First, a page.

FRIDAY, Nov. 6, 2015 (HealthDay News) -- An updated list of 30 essential items should be included in every report of a diagnostic accuracy study, according to the Standards for Reporting Diagnostic Accuracy Studies (STARD) 2015. These new guidelines have been published in several journals, including Radiology, Clinical Chemistry, and The BMJ.

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FDA Approves Genvoya to Treat HIV-1 Infection

THURSDAY, Nov. 5, 2015 (HealthDay News) -- A new treatment for HIV has been approved by the U.S. Food and Drug Administration. Genvoya -- a tablet containing elvitegravir, cobicistat, emtricitabine, and tenofovir alafenamide -- can be used to treat HIV-1 infection in adults and children 12 and older weighing at least 77 pounds.

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Branded Rx May Up the Power of Placebo

THURSDAY, Nov. 5, 2015 (HealthDay News) -- A brand-name label made a placebo tablet work as well as an active nonsteroidal anti-inflammatory drug, according to research published online Oct. 12 in Health Psychology.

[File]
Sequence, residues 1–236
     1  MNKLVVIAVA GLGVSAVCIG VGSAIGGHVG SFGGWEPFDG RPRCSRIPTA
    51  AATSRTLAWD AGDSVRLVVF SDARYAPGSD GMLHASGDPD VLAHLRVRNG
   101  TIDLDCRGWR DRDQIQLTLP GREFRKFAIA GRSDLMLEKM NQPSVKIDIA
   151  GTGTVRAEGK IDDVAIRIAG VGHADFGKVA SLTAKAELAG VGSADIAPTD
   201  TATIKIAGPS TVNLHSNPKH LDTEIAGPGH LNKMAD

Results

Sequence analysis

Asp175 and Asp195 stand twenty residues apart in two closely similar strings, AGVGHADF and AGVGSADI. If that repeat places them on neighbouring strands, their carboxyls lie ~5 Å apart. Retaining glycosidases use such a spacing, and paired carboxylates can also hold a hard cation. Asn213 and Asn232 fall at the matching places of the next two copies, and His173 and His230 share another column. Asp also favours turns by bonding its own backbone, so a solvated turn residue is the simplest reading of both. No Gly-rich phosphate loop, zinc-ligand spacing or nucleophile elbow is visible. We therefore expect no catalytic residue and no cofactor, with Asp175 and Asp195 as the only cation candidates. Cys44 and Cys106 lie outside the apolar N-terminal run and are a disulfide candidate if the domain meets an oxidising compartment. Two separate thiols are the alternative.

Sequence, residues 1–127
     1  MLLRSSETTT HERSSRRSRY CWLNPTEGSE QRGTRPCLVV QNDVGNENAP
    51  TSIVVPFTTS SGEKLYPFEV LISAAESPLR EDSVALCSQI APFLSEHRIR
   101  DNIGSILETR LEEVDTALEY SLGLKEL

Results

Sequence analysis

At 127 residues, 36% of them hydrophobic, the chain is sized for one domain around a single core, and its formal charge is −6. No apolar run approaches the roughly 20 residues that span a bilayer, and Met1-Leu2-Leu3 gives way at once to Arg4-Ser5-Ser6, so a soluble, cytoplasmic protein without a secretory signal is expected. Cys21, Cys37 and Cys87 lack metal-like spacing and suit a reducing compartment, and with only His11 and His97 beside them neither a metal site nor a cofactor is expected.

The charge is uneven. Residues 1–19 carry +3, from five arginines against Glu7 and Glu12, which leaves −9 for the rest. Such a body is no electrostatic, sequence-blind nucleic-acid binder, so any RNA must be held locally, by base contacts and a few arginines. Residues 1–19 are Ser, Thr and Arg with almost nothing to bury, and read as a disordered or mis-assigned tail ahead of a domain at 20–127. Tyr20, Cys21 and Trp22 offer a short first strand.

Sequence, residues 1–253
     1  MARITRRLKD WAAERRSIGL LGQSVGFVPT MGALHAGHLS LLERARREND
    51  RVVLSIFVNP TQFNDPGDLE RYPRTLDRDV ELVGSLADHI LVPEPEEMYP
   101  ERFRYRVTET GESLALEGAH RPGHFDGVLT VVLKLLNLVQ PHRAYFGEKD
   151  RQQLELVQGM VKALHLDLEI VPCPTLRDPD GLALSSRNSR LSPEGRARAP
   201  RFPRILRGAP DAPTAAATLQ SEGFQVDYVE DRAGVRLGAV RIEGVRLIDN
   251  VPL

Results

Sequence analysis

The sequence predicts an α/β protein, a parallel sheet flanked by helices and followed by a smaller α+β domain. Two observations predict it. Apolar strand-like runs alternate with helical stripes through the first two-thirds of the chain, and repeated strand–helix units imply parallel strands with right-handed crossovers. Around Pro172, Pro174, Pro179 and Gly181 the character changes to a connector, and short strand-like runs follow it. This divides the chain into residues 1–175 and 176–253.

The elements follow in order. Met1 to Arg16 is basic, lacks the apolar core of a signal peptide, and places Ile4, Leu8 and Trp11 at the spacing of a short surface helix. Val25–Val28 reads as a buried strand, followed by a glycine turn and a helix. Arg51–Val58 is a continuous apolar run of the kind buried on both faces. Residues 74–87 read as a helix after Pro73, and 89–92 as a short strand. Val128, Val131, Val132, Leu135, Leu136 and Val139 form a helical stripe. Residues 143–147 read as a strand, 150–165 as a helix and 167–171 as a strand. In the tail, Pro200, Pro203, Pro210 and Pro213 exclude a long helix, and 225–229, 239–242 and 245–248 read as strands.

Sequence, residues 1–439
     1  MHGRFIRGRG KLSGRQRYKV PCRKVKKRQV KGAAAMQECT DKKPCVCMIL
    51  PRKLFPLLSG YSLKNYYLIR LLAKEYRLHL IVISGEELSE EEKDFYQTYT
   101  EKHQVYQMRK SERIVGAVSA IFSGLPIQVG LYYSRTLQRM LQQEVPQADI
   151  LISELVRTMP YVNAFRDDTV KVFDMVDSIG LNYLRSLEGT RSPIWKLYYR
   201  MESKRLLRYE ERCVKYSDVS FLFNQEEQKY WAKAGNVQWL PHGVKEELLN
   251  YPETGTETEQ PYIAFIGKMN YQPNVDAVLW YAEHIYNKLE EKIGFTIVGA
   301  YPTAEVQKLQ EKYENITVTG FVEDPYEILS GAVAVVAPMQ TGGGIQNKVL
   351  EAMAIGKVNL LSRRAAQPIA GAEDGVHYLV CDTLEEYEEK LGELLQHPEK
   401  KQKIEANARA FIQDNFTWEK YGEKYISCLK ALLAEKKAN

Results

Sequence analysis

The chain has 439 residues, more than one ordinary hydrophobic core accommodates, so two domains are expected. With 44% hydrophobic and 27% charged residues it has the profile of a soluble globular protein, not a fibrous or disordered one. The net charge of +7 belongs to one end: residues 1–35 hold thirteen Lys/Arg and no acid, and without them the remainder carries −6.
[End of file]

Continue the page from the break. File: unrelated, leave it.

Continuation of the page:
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Poll: Americans Want Health Care Costs Kept in Check

THURSDAY, Nov. 5, 2015 (HealthDay News) -- Most Americans now support aggressive regulation to keep health care costs in check -- including price caps on drugs, medical devices, and payments to doctors and hospitals, a new HealthDay/Harris Poll has found.

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Sofosbuvir Tied to Rare Cases of Bradyarrhythmia

THURSDAY, Nov. 5, 2015 (HealthDay News) -- One of the new, highly effective drugs for treating hepatitis C can cause bradyarrhythmia in some patients, according to a research letter published in the Nov. 5 issue of the New England Journal of Medicine.